Data centers are carbon-intensive enterprises due to their massive energy consumption, and it is estimated that data center industry will account for 8\% of global carbon emissions by 2030. However, both technological and policy instruments for reducing or even neutralizing data center carbon emissions have not been thoroughly investigated. To bridge this gap, this survey paper proposes a roadmap towards carbon-neutral data centers that takes into account both policy instruments and technological methodologies. We begin by presenting the carbon footprint of data centers, as well as some insights into the major sources of carbon emissions. Following that, carbon neutrality plans for major global cloud providers are discussed to summarize current industrial efforts in this direction. In what follows, we introduce the carbon market as a policy instrument to explain how to offset data center carbon emissions in a cost-efficient manner. On the technological front, we propose achieving carbon-neutral data centers by increasing renewable energy penetration, improving energy efficiency, and boosting energy circulation simultaneously. A comprehensive review of existing technologies on these three topics is elaborated subsequently. Based on this, a multi-pronged approach towards carbon neutrality is envisioned and a digital twin-powered industrial artificial intelligence (AI) framework is proposed to make this solution a reality. Furthermore, three key scientific challenges for putting such a framework in place are discussed. Finally, several applications for this framework are presented to demonstrate its enormous potential.
This paper determines whether the two core data protection principles of data minimisation and purpose limitation can be meaningfully implemented in data-driven systems. While contemporary data processing practices appear to stand at odds with these principles, we demonstrate that systems could technically use much less data than they currently do. This observation is a starting point for our detailed techno-legal analysis uncovering obstacles that stand in the way of meaningful implementation and compliance as well as exemplifying unexpected trade-offs which emerge where data protection law is applied in practice. Our analysis seeks to inform debates about the impact of data protection on the development of artificial intelligence in the European Union, offering practical action points for data controllers, regulators, and researchers.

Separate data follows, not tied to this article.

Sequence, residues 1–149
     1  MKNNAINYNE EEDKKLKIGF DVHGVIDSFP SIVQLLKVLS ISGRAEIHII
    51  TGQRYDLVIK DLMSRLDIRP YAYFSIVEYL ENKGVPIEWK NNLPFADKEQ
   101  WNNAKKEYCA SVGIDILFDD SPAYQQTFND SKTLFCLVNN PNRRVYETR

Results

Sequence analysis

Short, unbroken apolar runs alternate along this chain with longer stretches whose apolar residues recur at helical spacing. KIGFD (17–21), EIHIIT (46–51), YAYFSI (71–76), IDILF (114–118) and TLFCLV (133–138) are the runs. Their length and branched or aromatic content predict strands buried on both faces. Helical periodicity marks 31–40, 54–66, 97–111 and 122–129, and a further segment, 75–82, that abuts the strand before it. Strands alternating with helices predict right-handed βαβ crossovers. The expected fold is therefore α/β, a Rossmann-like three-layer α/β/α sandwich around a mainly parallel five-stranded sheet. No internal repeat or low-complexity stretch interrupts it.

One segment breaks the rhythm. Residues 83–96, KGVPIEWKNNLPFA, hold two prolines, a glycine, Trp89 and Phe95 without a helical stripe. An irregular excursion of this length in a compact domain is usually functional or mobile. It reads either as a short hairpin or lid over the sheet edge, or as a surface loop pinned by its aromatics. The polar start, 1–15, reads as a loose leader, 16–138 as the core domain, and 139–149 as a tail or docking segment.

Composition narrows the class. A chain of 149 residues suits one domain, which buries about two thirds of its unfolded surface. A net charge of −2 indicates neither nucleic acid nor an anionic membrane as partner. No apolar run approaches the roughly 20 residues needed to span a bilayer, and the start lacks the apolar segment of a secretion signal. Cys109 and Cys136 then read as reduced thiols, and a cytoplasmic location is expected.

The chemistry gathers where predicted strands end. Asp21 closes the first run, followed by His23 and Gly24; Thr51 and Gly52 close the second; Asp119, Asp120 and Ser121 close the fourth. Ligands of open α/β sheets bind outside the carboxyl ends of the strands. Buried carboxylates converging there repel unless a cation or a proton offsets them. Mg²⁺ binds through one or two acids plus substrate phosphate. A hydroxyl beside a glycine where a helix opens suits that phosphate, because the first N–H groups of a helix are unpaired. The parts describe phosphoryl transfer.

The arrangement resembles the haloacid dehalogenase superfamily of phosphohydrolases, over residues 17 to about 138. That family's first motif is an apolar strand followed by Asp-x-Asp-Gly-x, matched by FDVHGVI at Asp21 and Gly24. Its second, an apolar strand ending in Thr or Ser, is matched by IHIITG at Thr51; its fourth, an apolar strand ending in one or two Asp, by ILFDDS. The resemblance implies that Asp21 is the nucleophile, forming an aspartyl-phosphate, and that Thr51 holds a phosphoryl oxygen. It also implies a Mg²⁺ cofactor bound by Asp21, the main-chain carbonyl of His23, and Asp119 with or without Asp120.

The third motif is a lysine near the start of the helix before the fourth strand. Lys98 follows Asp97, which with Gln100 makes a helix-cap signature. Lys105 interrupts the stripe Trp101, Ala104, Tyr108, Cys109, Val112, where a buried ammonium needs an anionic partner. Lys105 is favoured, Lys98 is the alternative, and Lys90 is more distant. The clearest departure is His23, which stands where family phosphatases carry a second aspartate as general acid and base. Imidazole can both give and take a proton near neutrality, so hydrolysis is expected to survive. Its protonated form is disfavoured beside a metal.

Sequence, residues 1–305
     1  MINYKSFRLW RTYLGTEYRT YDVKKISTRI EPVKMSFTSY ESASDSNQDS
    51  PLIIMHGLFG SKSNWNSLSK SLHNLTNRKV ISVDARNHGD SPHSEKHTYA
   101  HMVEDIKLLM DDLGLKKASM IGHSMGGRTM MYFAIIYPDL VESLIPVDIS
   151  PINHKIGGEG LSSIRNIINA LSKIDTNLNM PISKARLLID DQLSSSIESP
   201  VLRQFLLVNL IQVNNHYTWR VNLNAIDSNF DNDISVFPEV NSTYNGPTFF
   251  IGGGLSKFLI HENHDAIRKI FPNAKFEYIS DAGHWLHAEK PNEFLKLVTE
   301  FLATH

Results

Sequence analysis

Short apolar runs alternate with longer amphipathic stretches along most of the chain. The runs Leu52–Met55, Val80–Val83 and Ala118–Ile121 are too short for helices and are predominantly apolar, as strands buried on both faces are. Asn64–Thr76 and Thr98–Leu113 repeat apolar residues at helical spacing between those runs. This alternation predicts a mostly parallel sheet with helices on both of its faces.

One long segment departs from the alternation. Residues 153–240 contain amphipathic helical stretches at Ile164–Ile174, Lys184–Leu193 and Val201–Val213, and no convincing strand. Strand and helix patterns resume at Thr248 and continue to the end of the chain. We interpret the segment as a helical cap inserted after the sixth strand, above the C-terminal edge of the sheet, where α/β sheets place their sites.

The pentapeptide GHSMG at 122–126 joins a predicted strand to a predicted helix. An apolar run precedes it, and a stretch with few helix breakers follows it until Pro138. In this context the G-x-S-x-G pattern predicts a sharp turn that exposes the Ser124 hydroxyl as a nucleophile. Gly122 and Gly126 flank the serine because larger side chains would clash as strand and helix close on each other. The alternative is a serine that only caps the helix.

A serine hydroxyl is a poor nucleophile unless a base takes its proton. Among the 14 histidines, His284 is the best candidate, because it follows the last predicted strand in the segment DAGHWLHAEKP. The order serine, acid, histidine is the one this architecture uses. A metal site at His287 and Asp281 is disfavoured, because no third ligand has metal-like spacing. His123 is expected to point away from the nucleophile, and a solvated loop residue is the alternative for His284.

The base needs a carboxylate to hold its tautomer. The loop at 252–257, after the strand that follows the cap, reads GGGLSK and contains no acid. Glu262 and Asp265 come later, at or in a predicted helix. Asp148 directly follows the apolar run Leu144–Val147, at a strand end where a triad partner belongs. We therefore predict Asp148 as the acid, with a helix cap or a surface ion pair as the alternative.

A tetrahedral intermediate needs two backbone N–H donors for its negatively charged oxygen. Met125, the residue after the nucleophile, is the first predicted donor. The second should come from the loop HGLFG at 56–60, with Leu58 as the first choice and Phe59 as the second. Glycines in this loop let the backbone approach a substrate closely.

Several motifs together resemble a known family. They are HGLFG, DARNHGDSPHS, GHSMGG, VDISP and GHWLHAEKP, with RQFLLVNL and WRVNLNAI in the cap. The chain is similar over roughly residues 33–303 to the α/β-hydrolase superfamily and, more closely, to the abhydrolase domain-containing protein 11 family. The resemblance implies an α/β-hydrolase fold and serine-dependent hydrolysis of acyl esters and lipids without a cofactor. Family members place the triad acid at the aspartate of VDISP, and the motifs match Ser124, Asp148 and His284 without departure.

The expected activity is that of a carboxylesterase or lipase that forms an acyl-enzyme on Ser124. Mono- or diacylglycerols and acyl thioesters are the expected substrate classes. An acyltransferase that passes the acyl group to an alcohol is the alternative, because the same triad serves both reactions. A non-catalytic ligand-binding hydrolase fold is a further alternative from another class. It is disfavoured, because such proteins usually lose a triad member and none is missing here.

Much recent research has uncovered and discussed serious concerns of bias in facial analysis technologies, finding performance disparities between groups of people based on perceived gender, skin type, lighting condition, etc. These audits are immensely important and successful at measuring algorithmic bias but have two major challenges: the audits (1) use facial recognition datasets which lack quality metadata, like LFW and CelebA, and (2) do not compare their observed algorithmic bias to the biases of their human alternatives. In this paper, we release improvements to the LFW and CelebA datasets which will enable future researchers to obtain measurements of algorithmic bias that are not tainted by major flaws in the dataset (e.g. identical images appearing in both the gallery and test set). We also use these new data to develop a series of challenging facial identification and verification questions that we administered to various algorithms and a large, balanced sample of human reviewers. We find that both computer models and human survey participants perform significantly better at the verification task, generally obtain lower accuracy rates on dark-skinned or female subjects for both tasks, and obtain higher accuracy rates when their demographics match that of the question. Computer models are observed to achieve a higher level of accuracy than the survey participants on both tasks and exhibit bias to similar degrees as the human survey participants.